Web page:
Who's up for a little Yankme bashing?Yankees surround Carl Pavano for an introductory beating to start Spring camp.This just in: Y*nkees bash themselves.
After being unceremoniously and indisputably displaced by the Mets as New York's best and most popular team last season, the N.Y. Yankmes are so-far spending this Spring productively, dissing their elders (Bernie Williams invited to camp as bullpen catcher and emergency peanut vendor) and eating their own Carl Pavano for breakfast. With the Red Sox distracted over whether they should offer a "fat" Daisuke Matsuzaka postage stamp, Steinbrenner wearing diapers and mumbling to himself, and the joy-riding general partner Steve Swindal unavailable for guidence, the Spankmes are forced to destroy themselves. It's sad, really.
Veteran Yankers (who have not sniffed a World Series since they stole victory from the Mets in 2000) such as Mike "Moosemouth" Mussina and Posada have been all over Pavano's shit, classily criticizing the sore-assed pitcher
through the media. If adding Doug Mientkiewicz to the club wasn't a clear enough sign of the coming Bronx apocalypse, then maybe this will convince doubters.
Great to see this kind of early dissention in the Spankees camp. Takes the edge off reports that many major league GMs pick the Yankers to win it all this season
If a Roidger Clemens plays coy about retiring
, and there is no media around to hear it, does it continue to happen?
“I still told [my son Koby who's head I threw at] 80-20 that I wasn’t going to play.”
“I don’t want to play.”
“If somebody stubs their toe and my phone rings in May, I might have to think about it.”
80-20. No one cares, freakshow, no one cares.Rules Changes Department
Also in the New York Times
:NEW RULES FOR BASEBALL A major league position player who scuffs or defaces a baseball would be ejected and receive an automatic 10-game suspension under several changes approved by the sport’s playing rules committee, the first rule changes in the sport since 1996.
In other news, Kenny "the Gambler" Rogers announced his retirement while viciously beating a photographer to death.
According to Richard Sandomir of the New York Times
, John Kerry yesterday announced thatthe Senate Commerce Committee, the committee that oversees the televised carriage of sports, would hold a hearing on the pending MLB-DirecTV collusion. But the the hearing will not take place for several weeks because of the committee’s schedule, so with pitchers and catchers upon us, still no word as to how these hearings would affect consumers, or as to when the MLB will have any announcements for fans wondering how they will watch the games for that matter.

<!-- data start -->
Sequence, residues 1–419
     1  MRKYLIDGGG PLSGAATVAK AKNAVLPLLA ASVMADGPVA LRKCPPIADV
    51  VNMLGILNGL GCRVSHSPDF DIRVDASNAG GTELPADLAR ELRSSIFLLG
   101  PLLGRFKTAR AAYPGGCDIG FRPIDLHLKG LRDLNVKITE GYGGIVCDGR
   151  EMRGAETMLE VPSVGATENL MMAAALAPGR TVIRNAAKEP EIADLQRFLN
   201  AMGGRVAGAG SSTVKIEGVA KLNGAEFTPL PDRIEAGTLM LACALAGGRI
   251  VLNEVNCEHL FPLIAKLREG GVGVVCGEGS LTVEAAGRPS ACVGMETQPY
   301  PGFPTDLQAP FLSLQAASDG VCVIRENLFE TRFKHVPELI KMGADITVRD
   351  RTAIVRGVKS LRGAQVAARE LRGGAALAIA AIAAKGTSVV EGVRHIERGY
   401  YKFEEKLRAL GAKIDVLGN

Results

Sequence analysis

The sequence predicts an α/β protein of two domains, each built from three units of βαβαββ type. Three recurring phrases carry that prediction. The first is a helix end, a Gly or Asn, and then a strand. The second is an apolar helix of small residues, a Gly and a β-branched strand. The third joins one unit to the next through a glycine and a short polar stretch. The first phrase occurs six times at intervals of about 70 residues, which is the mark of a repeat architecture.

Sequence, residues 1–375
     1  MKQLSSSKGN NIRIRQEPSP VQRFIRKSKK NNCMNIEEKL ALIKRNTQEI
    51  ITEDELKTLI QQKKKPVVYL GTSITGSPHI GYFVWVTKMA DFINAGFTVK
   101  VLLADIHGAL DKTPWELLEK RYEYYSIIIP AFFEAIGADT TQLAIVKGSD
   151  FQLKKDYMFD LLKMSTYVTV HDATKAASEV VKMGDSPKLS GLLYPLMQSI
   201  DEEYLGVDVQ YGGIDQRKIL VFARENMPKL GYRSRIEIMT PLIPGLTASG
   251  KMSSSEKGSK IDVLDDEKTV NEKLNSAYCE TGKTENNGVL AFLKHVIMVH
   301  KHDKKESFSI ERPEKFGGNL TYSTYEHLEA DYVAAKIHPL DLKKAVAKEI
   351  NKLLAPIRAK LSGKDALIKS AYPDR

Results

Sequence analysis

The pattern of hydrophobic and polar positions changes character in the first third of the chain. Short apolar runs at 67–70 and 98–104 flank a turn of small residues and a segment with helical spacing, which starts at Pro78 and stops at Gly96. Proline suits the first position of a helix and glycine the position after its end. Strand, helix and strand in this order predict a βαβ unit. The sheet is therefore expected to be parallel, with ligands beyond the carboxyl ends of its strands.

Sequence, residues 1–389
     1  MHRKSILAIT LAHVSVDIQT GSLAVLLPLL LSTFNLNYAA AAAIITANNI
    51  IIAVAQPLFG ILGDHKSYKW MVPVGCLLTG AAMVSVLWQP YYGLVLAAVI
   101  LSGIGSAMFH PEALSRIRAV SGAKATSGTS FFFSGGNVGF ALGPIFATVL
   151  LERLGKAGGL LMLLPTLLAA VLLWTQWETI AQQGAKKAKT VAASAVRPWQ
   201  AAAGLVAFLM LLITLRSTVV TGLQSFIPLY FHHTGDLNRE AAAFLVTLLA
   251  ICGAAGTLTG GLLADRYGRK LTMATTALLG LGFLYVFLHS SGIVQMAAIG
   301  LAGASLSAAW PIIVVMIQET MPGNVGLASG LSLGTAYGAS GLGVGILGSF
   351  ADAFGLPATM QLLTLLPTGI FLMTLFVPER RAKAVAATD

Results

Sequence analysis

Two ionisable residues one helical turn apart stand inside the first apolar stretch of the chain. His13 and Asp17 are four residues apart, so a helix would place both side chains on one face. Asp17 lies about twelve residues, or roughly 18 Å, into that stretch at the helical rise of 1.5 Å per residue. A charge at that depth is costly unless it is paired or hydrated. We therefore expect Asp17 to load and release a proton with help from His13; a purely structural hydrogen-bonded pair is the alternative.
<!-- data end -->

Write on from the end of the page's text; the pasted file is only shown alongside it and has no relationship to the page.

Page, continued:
Over at Yahoo Finance
, Ben Silverman's take on the deal is worth reading, if only for his quote of DirecTV CEO Chase Carey, who told analysts earlier this week that reports about the deal have been "mostly speculation." According to Silverman, there is more to the potential deal than just greed and stupidity. Silverman's argument is a version of the MLBtv.com argument, that MLB wants to drive consumers to their "successful" internet service, but he points to the value of the online venture as a whole, and the possible offering of MLB Advanced Media's IPO:Major League Baseball Advanced Media ("MLBAM"), the online arm of MLB, has been wildly successful. The unit has built the most compelling online offering of any professional sports league; integrating video, audio, blogs, real-time scores, stats, and reams of other content. MLB.TV, which offers a more robust package of games than Extra Innings, is a hit (1.3 million subscribers in 2005, according to New York Magazine), and last year, over 20 million tickets to baseball games were sold via MLB.com and team websites. It's not just baseball that MLBAM is involved with.MLBAM's back- and front-end technology helps powers websites and streaming technology for organizations ranging from Major League Soccer and CBS Sportsline, to the City of New York and rock band Guns N' Roses. MLB can't guarantee a steroid-free game, by they'll keep your streaming video up and running!If MLB has done nothing else right in the past 50 years - and let's be honest, the only other thing they've done right in the past 60 years was integrating the game - they've done the Web right.
Finally, an interesting tidbit, or at least a reminder of how fans are just pawns in a game we don't understand, can be found over at Marketwatch.com
, which speculates that Dish and DirecTV are rumored to be buyout candidates of interest to AT&T Inc. as quick ways into the video business, noting that DirecTV has been on the auction block several times in recent years. Well, DirecTV doesn't come off sounding like a solid bet for MLB--and since my local cable here in Los Angeles is provided by AT&T, which just bought Comcast, which owns a part of the Mets television channel, I look at the prospects of being shut out of Mets broadcasts by the very quasi-monopolies that are integral to broadcasting the Mets with something approaching befuddlement.
Bite me, Bud.
Courtesy of this lovely picture, pinched like everything else in this post from the new Bats blog
at the New York Times website, I offer a solution to the spelling nightmare that is the Mets' new free agent relief pitcher. Should he become noteworthy, I'll just use this picture instead.
"The key to yesterday's game was when
came in to relieve Tom Glavine, who contributed his 9th straight 4 2/3 inning no-decision effort, and retired the side in order."
That seems to work.
Labels: betrayal, DirecTV, spelling, yankee bashing